To the irritation of some, the great pleasure of many and the indifference of most, my columns have been appearing in The Badger Herald for some time now. Since I began writing for this periodical, I've covered subjects ranging from Borat to birth control to the splendor of springtime (a topic I was very tempted to revisit this week). Recently, however, as I sat considering which things I might next like to publicly whine about, I was struck by a shocking realization. From the time when I submitted my first column for publication over two years ago, not once have I written specifically about the issue that is arguably the most important of our time — the war in Iraq.
Certainly — as it would be impossible to avoid given the sheer frequency with which I've written — I have indirectly opined on Iraq and have taken the occasional jab at the Bush administration's war policy. Upon becoming conscious that I had failed to expressly address the world's most pressing concern, I began to wonder where my priorities lay.
It wasn't long before I realized exactly why U.S. policy in Iraq had not yet comprised the substance of my insignificant weekly rant: Since its inception — a topic about which I wrote volumes for my high school newspaper — I have been entirely uncertain as to where I stand regarding future options for the war in Iraq.
What's more, after even further consideration I realized that, in my uncertainty, I am similar to nearly all of my compatriots.
Although I was vehemently opposed to the initial U.S. invasion of Iraq, today all I can do is wonder what ought to be done about the sinking quagmire that is America's involvement in Iraqi affairs. Regardless of varying rhetoric, this seems to be the mindset of almost every American, be they a politician, diplomat, pundit, military official or plain old citizen.
Sure, many people support one idea or another, but how specific is the idea and how wholehearted the support?
One camp advocates an immediate and total withdrawal of U.S. forces from the war-torn country. These people — many originally of an anti-invasion background — often claim the moral high ground. Still, many in this group appear to hold reservations about the very proposal whose implementation they are insisting upon. Among their concerns is the questionable morality of simply abandoning a mess of our own creation.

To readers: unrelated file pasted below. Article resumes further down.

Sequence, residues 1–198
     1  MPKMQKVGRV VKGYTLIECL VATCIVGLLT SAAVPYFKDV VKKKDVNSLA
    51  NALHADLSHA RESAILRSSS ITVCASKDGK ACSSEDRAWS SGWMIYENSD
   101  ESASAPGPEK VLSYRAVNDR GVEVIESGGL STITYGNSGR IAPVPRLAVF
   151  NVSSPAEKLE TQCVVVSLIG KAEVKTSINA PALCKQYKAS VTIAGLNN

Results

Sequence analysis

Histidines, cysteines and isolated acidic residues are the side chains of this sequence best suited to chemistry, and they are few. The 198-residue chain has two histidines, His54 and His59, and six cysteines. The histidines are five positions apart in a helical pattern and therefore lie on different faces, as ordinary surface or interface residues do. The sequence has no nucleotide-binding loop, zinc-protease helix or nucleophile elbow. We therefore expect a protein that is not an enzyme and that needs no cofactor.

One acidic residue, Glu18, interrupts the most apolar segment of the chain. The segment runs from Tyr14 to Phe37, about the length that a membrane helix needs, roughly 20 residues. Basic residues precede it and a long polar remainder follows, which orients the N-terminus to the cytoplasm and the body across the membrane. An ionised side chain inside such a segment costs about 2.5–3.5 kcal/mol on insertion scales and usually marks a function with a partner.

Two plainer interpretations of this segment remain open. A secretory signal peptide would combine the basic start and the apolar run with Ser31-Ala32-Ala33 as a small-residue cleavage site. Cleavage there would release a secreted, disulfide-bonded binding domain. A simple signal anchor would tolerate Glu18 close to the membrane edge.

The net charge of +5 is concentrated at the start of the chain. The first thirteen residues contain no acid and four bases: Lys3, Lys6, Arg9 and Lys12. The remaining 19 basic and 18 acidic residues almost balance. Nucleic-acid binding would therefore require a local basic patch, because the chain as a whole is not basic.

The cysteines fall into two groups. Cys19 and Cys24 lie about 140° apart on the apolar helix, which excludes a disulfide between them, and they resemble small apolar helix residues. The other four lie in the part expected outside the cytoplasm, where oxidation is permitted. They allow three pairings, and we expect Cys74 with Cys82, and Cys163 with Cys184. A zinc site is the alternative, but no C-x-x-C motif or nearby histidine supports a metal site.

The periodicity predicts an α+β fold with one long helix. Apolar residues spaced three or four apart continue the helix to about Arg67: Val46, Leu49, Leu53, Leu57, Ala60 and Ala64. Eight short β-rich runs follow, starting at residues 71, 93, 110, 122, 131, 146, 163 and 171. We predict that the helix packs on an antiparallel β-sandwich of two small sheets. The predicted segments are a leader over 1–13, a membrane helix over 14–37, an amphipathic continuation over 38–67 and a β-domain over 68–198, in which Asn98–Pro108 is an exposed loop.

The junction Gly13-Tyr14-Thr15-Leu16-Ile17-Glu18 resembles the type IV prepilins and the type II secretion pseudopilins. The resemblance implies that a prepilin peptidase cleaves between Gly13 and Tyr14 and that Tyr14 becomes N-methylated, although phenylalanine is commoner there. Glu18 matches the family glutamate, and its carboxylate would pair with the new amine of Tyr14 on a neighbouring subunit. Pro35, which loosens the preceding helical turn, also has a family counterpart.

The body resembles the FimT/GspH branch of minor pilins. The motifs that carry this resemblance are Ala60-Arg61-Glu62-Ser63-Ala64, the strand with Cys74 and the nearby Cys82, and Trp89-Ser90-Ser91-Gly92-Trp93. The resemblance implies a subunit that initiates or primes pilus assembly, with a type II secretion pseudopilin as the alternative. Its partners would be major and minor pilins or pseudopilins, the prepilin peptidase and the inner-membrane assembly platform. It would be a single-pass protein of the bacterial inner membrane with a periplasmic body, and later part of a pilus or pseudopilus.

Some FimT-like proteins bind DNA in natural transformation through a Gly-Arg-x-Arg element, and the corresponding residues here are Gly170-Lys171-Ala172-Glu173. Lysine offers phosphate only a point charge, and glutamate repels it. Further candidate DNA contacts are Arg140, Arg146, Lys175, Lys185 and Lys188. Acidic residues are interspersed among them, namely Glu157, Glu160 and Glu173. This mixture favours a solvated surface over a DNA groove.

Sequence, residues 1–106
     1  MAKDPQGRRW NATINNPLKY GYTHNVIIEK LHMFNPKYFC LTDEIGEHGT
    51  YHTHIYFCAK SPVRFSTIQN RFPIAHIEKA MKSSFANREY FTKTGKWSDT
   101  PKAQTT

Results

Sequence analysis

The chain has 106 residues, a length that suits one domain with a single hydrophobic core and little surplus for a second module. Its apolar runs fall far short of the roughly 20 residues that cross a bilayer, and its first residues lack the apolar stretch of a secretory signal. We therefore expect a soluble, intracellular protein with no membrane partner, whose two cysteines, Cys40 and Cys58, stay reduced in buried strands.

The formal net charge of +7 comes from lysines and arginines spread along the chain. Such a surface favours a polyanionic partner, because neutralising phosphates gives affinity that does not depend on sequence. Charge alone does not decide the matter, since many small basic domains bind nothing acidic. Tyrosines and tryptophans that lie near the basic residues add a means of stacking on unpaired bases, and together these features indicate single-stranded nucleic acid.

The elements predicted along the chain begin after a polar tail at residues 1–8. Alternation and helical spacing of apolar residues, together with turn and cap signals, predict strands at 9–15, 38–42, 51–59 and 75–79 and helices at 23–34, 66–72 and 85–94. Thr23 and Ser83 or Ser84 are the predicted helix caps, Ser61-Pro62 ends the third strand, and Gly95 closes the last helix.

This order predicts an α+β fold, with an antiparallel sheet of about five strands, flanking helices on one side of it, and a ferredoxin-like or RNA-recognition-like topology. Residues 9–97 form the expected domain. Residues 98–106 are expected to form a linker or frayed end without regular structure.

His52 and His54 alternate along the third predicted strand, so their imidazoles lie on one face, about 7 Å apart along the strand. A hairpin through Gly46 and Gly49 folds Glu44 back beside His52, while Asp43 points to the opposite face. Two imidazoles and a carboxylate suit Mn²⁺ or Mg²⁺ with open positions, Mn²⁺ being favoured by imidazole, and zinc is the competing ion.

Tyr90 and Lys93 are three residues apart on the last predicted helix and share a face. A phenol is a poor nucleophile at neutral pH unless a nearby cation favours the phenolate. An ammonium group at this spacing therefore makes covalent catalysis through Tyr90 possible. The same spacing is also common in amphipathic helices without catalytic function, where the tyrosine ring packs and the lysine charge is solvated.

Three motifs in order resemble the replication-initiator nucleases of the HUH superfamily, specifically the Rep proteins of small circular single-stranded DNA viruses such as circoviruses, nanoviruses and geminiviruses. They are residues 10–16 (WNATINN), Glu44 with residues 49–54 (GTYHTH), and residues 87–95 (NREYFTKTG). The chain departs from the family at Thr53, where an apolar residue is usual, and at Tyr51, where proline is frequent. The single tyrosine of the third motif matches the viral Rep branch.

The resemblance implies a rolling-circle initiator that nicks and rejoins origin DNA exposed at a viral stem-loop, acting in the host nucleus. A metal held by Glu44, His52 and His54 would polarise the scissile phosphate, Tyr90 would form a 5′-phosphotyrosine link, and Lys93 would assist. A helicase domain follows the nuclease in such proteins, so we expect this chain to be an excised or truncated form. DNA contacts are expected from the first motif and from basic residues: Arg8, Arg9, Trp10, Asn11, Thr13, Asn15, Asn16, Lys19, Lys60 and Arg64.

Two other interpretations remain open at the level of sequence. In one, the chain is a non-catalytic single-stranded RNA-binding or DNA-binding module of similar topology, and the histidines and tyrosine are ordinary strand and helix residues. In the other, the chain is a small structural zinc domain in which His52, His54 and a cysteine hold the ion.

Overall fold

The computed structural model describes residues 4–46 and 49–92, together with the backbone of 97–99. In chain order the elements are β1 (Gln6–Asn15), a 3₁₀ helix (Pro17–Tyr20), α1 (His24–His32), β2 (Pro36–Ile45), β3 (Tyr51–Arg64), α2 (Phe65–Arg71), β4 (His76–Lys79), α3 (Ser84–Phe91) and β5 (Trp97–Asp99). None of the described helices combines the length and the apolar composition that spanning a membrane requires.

A second school of thought argues for the gradually implemented removal of U.S. troops from Iraq. People of this political persuasion, however, find themselves at a loss for words when asked to explain how removing troops slowly can be accomplished without the same negative ramifications of doing so immediately.
Yet another group — apparently believing we've done all of the right things so far, but simply haven't done them to a full enough extent — advocates a continuation of our present policy (whatever that is), but with drastically increased U.S. troop levels. These people seem to waver the least in the faith with which they back their idea, but one almost hopes, given the ridiculousness of said idea, that they privately harbor deep reservations.
Although each of the aforementioned groups has — almost instinctively — adopted a stance that would seem to correspond with its respective political beliefs, neither seems to be putting forth a proposal with the confidence that normally accompanies proposals of such great importance.
So this is the status of public discourse on Iraq: Although we have ideas, we can hardly give full support to even our own proposals. In this climate, it would seem unimaginable that a solution to the conflict will ever be reached.
Perhaps it is time for people to realize that we are all equally clueless and begin to actually look for solutions.
If we can't at least do that, how can we expect anything other than more of the same to come from this awful mess we've made?
Rob Rossmeissl ([email protected]) is a senior majoring in journalism and political science.